Addressing Inaccuracies in Agriculture Emissions Reporting
In 2006, the Food and Agriculture Organization of the United Nations (FAO) published the “Livestock’s Long Shadow: Environmental Issues and Options” report. The report claimed livestock contributed 18% of the global greenhouse gas emissions. The report generated negative attention that is still present today. Dr. Frank Mitloehner, a professor and air quality specialist in the Department of Animal Science at the University of California, Davis, who was recently interviewed by AgriLand, took it upon himself to address the flawed report.
Dr. Mitloehner concluded, eventually accepted by the FAO, that worldwide agriculture contributes to 24% of global greenhouse gas emissions and animal agriculture contribution is 14.5%, not the previously reported 18%. Dr. Mitloehner makes the case that 14.5% is an accurate percentage, globally. “It describes life-cycle emissions meaning everything from cradle to grave.” He does, however, warn that this “number should not be used parochially.”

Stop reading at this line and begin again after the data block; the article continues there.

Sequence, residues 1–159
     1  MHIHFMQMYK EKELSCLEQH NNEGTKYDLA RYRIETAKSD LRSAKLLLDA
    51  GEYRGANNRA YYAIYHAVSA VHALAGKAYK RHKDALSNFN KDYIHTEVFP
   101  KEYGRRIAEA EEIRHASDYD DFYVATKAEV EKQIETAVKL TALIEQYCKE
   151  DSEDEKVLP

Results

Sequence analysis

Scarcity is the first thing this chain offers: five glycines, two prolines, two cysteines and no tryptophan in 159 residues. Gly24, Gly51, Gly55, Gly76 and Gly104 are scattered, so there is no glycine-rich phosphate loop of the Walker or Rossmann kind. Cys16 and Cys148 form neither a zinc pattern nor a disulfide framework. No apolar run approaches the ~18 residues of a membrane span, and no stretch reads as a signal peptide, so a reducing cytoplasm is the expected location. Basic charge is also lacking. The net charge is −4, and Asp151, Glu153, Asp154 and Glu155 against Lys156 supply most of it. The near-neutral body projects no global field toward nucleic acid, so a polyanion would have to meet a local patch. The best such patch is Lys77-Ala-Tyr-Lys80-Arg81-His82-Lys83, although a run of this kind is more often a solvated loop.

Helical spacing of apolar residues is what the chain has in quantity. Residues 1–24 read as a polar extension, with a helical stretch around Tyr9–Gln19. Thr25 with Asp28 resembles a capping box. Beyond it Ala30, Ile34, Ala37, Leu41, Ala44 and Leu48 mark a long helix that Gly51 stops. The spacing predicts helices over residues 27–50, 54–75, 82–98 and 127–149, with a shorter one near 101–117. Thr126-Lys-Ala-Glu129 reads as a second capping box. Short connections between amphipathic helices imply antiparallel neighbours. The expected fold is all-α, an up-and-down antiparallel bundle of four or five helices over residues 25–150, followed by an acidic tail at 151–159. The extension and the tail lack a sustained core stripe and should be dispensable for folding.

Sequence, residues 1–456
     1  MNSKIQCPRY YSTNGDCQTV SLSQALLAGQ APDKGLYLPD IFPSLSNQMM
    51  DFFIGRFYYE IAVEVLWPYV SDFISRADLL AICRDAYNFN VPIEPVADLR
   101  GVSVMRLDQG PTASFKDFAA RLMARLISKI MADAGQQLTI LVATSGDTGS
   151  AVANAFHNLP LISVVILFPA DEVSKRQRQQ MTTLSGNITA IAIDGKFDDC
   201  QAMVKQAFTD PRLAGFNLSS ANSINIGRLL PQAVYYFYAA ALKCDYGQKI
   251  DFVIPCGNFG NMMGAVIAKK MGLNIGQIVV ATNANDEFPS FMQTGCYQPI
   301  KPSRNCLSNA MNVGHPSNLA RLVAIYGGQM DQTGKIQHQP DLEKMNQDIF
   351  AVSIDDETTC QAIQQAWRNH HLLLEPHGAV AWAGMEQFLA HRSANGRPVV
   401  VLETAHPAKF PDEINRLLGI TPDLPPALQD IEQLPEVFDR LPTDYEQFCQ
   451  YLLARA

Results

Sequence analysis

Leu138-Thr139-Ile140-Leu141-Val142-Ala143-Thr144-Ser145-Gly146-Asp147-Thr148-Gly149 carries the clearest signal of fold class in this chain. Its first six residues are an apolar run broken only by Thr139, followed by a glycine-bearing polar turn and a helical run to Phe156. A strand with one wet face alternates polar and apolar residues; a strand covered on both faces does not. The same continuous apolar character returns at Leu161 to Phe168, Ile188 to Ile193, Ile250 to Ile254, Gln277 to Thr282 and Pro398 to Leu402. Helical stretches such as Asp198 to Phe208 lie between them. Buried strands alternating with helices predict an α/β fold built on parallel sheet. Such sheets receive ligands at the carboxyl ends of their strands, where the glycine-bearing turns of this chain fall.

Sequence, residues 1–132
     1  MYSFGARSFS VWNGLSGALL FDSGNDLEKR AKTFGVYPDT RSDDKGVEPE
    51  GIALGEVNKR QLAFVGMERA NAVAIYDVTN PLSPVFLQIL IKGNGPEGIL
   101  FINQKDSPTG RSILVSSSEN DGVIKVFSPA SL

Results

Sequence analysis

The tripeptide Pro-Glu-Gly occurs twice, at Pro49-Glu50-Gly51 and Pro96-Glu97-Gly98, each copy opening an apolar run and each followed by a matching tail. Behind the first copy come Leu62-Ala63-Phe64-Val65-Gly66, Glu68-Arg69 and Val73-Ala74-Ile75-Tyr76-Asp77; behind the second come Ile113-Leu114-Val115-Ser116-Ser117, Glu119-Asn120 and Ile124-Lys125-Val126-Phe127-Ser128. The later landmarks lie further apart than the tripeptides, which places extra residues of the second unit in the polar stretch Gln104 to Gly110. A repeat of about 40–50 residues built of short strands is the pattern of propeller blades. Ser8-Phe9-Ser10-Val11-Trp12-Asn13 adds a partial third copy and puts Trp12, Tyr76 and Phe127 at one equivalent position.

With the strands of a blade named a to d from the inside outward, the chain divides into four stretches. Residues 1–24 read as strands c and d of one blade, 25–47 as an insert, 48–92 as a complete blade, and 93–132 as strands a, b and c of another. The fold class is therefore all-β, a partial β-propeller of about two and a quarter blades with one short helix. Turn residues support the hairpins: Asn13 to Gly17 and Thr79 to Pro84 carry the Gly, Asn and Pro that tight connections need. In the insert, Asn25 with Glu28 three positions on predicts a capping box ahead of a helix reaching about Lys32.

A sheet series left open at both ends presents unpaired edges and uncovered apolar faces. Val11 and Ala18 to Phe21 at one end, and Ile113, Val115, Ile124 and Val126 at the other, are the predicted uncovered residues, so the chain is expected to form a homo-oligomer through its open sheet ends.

Additionally, Dr. Mitloehner emphasizes the importance of realizing what a global percentage represents. “In the US, for example, all of agriculture makes up 9% of all greenhouse gases: yet animal agriculture is about 4%. In a country like Paraguay, that number for livestock is 50% and in some countries in Africa, that figure is 90%.” Dr. Mitloehner continues, “So if you express contributions in a percent manner, and then have a global average, then that global average doesn’t really mean anything to a country like the US, or Paraguay, or African countries because it is just that, a global average. It doesn’t really do justice in terms of quantifying the exact impact.”
The FAO reported animal agriculture contributed more to greenhouse gas emissions than transportation. “It makes people think that the most important thing that they need to control is what they eat – and they can relax on what they drive, how often they fly and so on. That is a dangerous destruction for reality.” When reporting transportation emissions, the FAO only examined tailpipe emissions and not the production process itself, resulting in a flawed measurement.
Following years of research, Dr. Mitloehner informed the FAO of his critic, and they agreed. In March 2010, the FAO acknowledged its error and retracted the record. Regardless of the retraction, “People still run with it and with the comparison between livestock and transportation, which was flawed.”